Women Making a Difference: Executive aims to change what HIV looks like in Houston
HOUSTON – With three little letters, Tiffany Quinton’s world turned upside down.
It was 1995, she had a nine-month-old baby, and Quinton had recently been given an STD screening after learning a partner was diagnosed with HIV.
"I get results saying I'm HIV positive. And the lady that gave me my results had never given positive results before, and told me I was getting ready to die,” Quinton said.
Immediately, she panicked.
"I screamed and I cried. Because now I'm here with a nine-month-old baby and I don't know if I'm gonna live today or tomorrow to get through this."
But Quinton made a decision that would change the course of her and her son’s lives; she decided to become her own advocate, learning everything she could about the virus and seek treatment.
A social worker would eventually lead Quinton to AIDS Foundation Houston, an organization she said might be able to help Quinton with some of her expenses.
But the group would offer Quinton much more than financial support. It would eventually become like a second family to Quinton, where she met AFH Chief Executive Officer Kelly Young—an ambitious woman who had spent the bulk of her career working for non-profits.
"I have a goal--to really change what HIV looks like in Houston,” Young said.
Young has been the chief executive officer of AFH for the past five years, where she has worked toward her mission of reaching a point where there are no new HIV infections in the city of Houston—a lofty goal, but one Young thinks her organization can help achieve.
"I am willing to work myself out of a job, if we literally change the way HIV is seen in our community,” Young said.
AFH estimates there were 1,200 Houston/Harris County residents newly diagnosed with HIV in 2014.
Young’s organization helps provide a wide ranges of services to those who have been infected with HIV, including housing assistance, employment services, and guidance to seeking medical care.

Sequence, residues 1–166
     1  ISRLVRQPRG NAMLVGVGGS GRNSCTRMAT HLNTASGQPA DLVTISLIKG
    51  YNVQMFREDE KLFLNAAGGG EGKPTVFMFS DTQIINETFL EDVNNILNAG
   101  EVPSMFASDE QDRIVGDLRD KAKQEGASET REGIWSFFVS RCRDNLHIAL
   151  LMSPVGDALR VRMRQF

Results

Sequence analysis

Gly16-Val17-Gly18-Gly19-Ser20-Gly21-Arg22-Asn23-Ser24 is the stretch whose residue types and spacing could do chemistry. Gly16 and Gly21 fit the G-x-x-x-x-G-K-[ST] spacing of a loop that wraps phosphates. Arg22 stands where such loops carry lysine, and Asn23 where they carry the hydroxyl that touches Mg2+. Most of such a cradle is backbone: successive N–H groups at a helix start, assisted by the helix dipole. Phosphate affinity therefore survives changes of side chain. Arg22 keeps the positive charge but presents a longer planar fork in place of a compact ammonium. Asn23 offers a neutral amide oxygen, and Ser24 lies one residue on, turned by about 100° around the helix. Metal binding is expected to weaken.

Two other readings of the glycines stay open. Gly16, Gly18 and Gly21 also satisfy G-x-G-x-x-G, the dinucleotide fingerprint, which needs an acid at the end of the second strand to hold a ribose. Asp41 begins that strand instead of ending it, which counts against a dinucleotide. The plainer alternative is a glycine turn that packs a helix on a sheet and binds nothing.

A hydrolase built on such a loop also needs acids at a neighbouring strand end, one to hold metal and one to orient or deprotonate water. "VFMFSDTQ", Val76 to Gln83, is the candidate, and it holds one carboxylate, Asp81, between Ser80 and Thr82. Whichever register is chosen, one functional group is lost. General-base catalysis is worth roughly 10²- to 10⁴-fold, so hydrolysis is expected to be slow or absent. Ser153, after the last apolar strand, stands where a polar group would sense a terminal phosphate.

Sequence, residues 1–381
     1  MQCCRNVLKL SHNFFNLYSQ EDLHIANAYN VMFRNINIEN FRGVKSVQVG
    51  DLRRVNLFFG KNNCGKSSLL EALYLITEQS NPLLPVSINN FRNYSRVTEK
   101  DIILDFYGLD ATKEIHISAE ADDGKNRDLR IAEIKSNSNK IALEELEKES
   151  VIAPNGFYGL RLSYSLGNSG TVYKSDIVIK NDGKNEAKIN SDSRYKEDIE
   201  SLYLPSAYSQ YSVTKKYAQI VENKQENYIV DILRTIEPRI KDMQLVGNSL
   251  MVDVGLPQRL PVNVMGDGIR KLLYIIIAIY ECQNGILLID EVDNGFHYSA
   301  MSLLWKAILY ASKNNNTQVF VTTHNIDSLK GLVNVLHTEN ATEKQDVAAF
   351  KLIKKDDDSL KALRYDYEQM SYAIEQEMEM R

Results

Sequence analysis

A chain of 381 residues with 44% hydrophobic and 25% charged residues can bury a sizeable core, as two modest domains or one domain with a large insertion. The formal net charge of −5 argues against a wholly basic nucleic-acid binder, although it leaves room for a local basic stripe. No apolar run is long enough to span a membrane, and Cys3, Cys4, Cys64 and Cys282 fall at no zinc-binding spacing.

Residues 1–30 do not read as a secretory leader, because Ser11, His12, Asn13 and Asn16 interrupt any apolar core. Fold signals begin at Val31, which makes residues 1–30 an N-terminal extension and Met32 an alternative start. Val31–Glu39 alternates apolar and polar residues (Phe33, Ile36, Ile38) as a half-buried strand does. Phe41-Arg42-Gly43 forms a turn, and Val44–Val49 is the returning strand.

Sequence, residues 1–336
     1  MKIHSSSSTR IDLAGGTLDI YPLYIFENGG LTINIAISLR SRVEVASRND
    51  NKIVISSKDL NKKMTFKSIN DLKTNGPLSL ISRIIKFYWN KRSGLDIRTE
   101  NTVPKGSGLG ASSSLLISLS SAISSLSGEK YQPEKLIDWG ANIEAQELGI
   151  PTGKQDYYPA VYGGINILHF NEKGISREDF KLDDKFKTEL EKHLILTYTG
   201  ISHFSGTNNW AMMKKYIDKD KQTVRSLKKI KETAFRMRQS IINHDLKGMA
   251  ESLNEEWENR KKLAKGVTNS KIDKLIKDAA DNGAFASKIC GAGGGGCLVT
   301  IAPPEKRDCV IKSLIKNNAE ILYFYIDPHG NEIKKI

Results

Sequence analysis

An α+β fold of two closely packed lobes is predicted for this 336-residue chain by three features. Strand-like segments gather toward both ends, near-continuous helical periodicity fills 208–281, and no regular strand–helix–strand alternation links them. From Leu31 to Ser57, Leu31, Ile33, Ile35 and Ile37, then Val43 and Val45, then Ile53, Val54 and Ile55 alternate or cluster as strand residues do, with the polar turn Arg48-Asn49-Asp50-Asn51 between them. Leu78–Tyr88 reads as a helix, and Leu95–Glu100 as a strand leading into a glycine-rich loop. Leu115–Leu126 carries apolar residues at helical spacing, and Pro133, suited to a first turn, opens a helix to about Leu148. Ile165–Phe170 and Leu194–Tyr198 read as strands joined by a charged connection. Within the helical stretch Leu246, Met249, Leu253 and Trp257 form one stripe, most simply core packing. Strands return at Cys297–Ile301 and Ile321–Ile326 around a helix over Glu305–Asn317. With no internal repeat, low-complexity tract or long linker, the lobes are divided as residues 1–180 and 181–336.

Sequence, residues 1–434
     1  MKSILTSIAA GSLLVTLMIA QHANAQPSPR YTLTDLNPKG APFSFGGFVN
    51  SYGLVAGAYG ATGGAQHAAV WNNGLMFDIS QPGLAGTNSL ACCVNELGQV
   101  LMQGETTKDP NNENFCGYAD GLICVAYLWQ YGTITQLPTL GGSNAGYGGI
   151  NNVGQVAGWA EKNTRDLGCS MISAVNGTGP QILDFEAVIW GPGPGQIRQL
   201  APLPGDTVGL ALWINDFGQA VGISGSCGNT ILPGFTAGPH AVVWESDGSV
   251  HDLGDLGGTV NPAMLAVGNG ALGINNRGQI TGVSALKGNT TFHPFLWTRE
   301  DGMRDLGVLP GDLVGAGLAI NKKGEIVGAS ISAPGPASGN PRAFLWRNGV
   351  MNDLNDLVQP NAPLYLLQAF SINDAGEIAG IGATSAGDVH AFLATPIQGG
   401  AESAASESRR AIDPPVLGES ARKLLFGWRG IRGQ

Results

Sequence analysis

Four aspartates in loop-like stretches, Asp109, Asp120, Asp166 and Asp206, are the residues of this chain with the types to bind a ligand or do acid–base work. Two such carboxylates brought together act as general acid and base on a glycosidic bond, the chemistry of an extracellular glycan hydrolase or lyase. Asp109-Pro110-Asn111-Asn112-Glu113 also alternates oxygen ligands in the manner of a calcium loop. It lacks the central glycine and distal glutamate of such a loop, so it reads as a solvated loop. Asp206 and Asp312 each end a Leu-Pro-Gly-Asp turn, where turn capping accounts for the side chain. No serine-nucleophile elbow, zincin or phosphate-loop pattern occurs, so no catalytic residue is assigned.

AFH also works on preventing the spread of HIV by encouraging people to get tested for the disease and educating the community on how they can stay safe.
Young and Quinton have formed a special bond over the years. Quinton turned to AFH for a college scholarship for her son, who is currently studying chemistry. Quinton also works as a counselor at Camp Hope, the first camp for HIV-positive children in the state of Texas.
"AIDS Foundation is my heart,” Quinton said. “Kelly and them are my family."
Young knows she is fighting a difficult battle against a complex and often misunderstood disease.
"Stigma, discrimination and homophobia is our biggest problem. And if we could get past that, we could get past this disease,” Young said.
But her overall mission is simple in comparison.
"You could just care about everyone because they're humans--not because they're sick or they're healthy."
AIDS Foundation Houston offers free walk-in HIV testing. To learn how to get tested visit the “Testing” section of their website.
To learn more about AFH, go to their website.
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